Ben Domenech of the Federalist agrees.

The overwhelming majority of Americans pay their taxes by having them extracted from their paychecks before they ever see the money. Operating under the fiction that the government is giving you money as opposed to returning what it has already taken is damaging to the psyche of the nation’s taxpayers. …Withholding was originally mandated as a wartime step, but its continuation since then disguises the property rights involved, essentially offers the government an interest free loan, and shields taxpayers from the ramifications of federal spending. The country would be better off if everyone experienced what entrepreneurs and business owners do: writing the most sizable checks every year to the government, and watching that hard-earned money walk out the door.

By the way, this isn’t merely impractical libertarian fantasy.

There’s a real-world example of a tax system where people actually write checks to the government and are much more aware of the cost of the public sector. It’s called Hong Kong, which is – not coincidentally – an economic success story in large part because of a good fiscal system.

And I would argue that good fiscal system exists because taxpayers are directly sensitive to the cost of government (it also helps that there’s a spending cap in Hong Kong).

Let’s close with some government propaganda. This Disney cartoon was produced before withholding. As you can see the government basically had to make the case that people should set aside money out of their paychecks so they would have enough money to make periodic tax payments.

This was a plausible case when seeking to finance a war against National Socialism and Japanese imperialism. It wouldn’t be nearly as persuasive today when the government seems to specialize in financing waste, fraud, and abuse.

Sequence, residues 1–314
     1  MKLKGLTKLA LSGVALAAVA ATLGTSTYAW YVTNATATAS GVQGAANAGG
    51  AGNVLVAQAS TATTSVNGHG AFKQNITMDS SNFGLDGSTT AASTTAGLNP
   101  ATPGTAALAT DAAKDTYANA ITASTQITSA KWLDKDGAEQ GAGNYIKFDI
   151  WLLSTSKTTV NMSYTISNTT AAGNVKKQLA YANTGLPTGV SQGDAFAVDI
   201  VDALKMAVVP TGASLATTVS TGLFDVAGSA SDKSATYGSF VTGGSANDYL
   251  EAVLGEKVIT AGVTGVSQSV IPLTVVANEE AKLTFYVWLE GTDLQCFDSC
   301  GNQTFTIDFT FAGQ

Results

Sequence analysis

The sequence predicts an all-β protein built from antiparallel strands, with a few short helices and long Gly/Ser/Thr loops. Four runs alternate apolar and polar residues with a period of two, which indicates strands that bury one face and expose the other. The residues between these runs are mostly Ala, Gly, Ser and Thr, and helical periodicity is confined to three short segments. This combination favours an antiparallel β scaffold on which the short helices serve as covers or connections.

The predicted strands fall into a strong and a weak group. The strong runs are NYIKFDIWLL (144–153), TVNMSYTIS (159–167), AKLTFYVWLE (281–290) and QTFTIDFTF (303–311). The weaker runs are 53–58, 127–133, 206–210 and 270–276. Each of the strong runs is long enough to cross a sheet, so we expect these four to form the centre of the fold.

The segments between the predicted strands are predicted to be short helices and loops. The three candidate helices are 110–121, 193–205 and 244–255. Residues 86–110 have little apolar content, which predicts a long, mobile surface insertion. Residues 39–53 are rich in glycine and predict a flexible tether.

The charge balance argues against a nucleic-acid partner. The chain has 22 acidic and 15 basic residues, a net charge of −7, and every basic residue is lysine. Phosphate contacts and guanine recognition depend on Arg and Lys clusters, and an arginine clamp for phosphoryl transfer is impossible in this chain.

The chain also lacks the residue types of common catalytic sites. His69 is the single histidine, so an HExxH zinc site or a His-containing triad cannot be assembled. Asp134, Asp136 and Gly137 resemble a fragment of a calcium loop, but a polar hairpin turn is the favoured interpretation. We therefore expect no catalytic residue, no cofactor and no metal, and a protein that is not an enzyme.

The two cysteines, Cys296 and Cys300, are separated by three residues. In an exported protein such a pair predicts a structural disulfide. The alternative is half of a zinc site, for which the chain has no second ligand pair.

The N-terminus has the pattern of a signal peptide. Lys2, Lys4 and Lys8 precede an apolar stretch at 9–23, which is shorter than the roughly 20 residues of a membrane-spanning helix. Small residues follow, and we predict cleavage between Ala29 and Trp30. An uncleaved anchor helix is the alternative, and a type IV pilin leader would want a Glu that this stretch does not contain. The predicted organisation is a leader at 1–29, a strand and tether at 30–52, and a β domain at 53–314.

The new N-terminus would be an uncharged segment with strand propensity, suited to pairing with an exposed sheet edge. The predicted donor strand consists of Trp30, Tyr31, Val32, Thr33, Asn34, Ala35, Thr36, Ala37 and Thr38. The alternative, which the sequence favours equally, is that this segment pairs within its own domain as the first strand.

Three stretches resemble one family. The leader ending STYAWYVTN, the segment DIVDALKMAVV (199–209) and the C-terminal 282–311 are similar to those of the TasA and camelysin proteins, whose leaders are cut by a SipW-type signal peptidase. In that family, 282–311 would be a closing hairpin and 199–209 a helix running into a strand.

P.S. At the bottom of this column, you can watch a much better cartoon from the 1940s.

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I’ve looked at some of the grim fiscal implications of demographic changes the United States and Europe.

Now let’s look at what’s happening in Asia.

The International Monetary Fund has a recent study that looks at shortfalls in government-run pension schemes and various policies that could address the long-run imbalances in the region. Here are the main points from the abstract.

Asian economies are aging fast, with significant implications for their pension system finances. While some countries already have high dependency ratios (Japan), others are expected to experience a sharp increase in the next couple of decades (China, Korea, Singapore). …This has…implications. …pension system deficits can increase very quickly, limiting room for policy action and hampering fiscal sustainability. …This paper explores how incorporating Automatic Adjustment Mechanisms (AAMs)—rules ensuring that certain characteristics of a pension system respond to demographic, macroeconomic and financial developments, in a predetermined fashion and without the need for additional intervention— can be part of pension reforms in Asia.

More succinctly, AAMs are built-in rules that automatically make changes to government pension systems based on various criteria.

Incidentally, we already have AAMs in the United States. Annual Social Security cost of living adjustments (COLAs) and increases in the wage base cap are examples of automatic changes that occur on a regular basis. And such policies exist in many other nations.

But those are AAMs that generally are designed to give more money to beneficiaries. The IMF study is talking about AAMs that are designed to deal with looming shortfalls caused by demographic changes. In other words, AAMs that result in seniors getting lower-than-promised benefits in the future. Here’s how the IMF study describes this development.